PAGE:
The components of weight loss are multi-faceted, and research supports the best weight loss program focuses on helping others make sustainable lifestyle changes. Self-management support is essential for patients to extend health care outside of clinical walls and into their daily routines.
Community Wellness, Technology (CWC) Remote Patient Monitoring (RPM) program offers weight loss support using evidence-based FDA-approved blue-tooth devices and resources. A clinical team of physicians and clinical health coaches utilizes technology-supported daily monitoring and coaching to help adults lose weight and sustain weight loss by building healthier habits.
Health coaches provide behavioral and self-management support to lose weight using virtual 1:1 coaching 20-30 min monthly coaching sessions. The integral component to helping a patient lose weight is the collaboration and trust between a patient and health coach. The daily weight readings within the CWC app also provide feedback for both the patient and coach in measuring progress towards reaching a patient’s weight-loss goal. The app records weight, activity, SMART goals, and personalized check-ins and messaging.
Technology combined with personalized health coaching provides science-based resources and tools for successful patient engagement and self-management.
Benefits of RPM & Health Coaching Include:
- Provides the latest information on weight loss
- Teaches disease-specific skills
- Promotes behavior change
- Builds confidence and motivation
- Encourages and supports change
- Provides accountability
- Tracks and records changes in weight and BMI
Stronger Together On-Line Community Platform
Patients also learn skills around losing weight and building healthy routines using the Stronger Together (ST) online community platform. Coaches share resources and information on healthy eating, exercise, managing stress, and other health-related topics. The Stronger Together platform is a space where patients can support each other experiencing similar weight-loss challenges. Coaches are available to answer questions and provide tips on weight-loss strategies.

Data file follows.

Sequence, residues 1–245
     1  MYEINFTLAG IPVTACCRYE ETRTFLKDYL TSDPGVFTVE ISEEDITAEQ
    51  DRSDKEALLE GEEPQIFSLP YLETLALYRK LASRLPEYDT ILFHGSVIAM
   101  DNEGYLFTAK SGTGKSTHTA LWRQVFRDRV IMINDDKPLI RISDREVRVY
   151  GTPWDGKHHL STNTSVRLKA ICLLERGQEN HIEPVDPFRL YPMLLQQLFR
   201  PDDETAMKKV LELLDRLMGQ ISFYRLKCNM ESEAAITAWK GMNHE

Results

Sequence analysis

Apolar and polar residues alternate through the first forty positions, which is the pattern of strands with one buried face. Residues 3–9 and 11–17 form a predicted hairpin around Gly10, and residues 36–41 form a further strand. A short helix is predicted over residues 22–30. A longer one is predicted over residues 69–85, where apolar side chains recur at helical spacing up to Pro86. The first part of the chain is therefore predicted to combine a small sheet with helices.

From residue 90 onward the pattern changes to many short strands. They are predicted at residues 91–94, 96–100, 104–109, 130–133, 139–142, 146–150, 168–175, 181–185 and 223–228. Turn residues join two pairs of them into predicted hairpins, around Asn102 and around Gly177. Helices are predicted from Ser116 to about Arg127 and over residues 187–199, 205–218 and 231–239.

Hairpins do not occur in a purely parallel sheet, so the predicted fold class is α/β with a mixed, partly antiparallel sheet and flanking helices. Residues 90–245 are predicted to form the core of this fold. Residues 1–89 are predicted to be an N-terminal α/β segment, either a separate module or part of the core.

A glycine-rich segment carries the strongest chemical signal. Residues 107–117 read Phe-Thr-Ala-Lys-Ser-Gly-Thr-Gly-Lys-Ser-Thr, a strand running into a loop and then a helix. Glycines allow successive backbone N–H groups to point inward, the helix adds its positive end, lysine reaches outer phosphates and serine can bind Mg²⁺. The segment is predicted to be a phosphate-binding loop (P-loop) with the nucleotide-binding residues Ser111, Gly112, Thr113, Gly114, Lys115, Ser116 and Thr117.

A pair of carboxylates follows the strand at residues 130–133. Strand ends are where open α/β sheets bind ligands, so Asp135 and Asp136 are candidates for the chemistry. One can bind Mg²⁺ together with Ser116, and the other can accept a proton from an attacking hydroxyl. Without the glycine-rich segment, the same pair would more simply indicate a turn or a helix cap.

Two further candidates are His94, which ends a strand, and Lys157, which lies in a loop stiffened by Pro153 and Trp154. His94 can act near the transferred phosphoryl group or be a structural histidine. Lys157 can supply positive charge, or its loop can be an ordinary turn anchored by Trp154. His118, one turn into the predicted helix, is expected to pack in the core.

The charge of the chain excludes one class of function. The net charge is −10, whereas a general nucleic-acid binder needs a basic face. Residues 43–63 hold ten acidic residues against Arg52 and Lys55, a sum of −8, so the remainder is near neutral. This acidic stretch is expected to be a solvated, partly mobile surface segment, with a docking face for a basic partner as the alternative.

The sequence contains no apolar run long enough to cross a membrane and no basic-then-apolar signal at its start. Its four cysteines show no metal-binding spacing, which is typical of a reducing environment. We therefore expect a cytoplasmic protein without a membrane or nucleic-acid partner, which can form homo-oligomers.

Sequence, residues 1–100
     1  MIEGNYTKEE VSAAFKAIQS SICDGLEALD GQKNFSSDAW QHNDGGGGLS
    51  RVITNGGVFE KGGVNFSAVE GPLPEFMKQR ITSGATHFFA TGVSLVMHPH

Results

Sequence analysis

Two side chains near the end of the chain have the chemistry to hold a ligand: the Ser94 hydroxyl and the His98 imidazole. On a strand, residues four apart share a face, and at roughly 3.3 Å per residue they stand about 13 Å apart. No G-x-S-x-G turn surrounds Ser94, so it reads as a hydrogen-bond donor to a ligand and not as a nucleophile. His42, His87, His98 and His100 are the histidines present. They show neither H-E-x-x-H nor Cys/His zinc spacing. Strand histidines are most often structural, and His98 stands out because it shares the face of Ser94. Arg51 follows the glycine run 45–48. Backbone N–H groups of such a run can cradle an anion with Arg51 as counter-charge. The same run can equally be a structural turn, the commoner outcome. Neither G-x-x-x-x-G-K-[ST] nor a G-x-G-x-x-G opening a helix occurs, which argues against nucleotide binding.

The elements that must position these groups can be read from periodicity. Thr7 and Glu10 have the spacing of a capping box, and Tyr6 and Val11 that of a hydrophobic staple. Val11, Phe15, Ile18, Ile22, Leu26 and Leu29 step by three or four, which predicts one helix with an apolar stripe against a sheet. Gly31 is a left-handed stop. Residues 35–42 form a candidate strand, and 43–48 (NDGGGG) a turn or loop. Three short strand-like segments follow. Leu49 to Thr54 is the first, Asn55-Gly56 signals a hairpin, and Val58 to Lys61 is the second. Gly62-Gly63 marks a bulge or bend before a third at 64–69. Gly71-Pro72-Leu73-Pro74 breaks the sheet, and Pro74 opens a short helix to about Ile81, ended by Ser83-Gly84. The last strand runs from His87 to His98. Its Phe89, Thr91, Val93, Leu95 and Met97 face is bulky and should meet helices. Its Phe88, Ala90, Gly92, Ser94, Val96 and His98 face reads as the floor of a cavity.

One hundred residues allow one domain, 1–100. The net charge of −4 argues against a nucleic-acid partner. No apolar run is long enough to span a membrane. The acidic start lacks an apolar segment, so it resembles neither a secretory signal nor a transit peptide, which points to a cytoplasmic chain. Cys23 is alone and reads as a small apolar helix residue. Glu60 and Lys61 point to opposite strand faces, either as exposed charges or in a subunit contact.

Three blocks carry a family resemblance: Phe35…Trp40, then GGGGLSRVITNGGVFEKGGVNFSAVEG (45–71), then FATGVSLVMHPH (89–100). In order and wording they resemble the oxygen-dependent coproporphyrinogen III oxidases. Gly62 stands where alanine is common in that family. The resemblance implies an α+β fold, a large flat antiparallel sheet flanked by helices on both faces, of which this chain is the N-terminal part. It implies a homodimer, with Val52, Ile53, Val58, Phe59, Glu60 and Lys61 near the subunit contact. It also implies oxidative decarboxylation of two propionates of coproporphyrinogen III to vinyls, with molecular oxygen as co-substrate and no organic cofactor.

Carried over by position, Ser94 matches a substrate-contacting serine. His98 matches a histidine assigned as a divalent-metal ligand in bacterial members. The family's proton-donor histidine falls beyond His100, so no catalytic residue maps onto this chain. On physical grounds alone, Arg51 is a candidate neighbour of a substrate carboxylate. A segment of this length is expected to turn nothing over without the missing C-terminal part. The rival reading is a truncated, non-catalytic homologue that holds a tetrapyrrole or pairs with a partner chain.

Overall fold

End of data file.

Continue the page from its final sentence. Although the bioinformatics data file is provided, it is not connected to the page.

CWC partners with hospitals, primary care providers, and other healthcare organizations to assist patients in losing weight and improve health-related outcomes. RPM combined with 1:1 health coaching sessions helps patients lose weight and improve their overall health. CWC offers personalized weight-loss support where patients can talk with their coaches in the privacy of their own homes telephonically or virtually. Patients feel supported throughout the weight-loss journey by the CWC clinical team and patient enrollment and support staff.
Reference: CDC- Adult Obesity Facts https://www.cdc.gov/obesity/data/adult.html. May 26, 2022
Healthcare providers are, understandably, wary of new technologies since patients’ lives are – literally – in their hands. However, the benefits of remote patient monitoring outweigh the risks of early adoption. Bill Gates once stated, “There is an opportunity to speed up history at an inflection point.” He was referring to his creation of Microsoft, but those words have resonated with me during my healthcare career. Healthcare has many inflection points that are driven by new technology, public health policy, reimbursement, and expansion of services.
In late 2019, many healthcare providers suffered significant losses due to severe drops in volume caused by the proliferation of the Covid-19 virus and the resultant quarantines. These losses resulted in many hospital and healthcare providers closing operations permanently. Healthcare providers that had yet to deploy telehealth assets experienced the most severe losses. This was one of the most significant healthcare inflection points in recent history.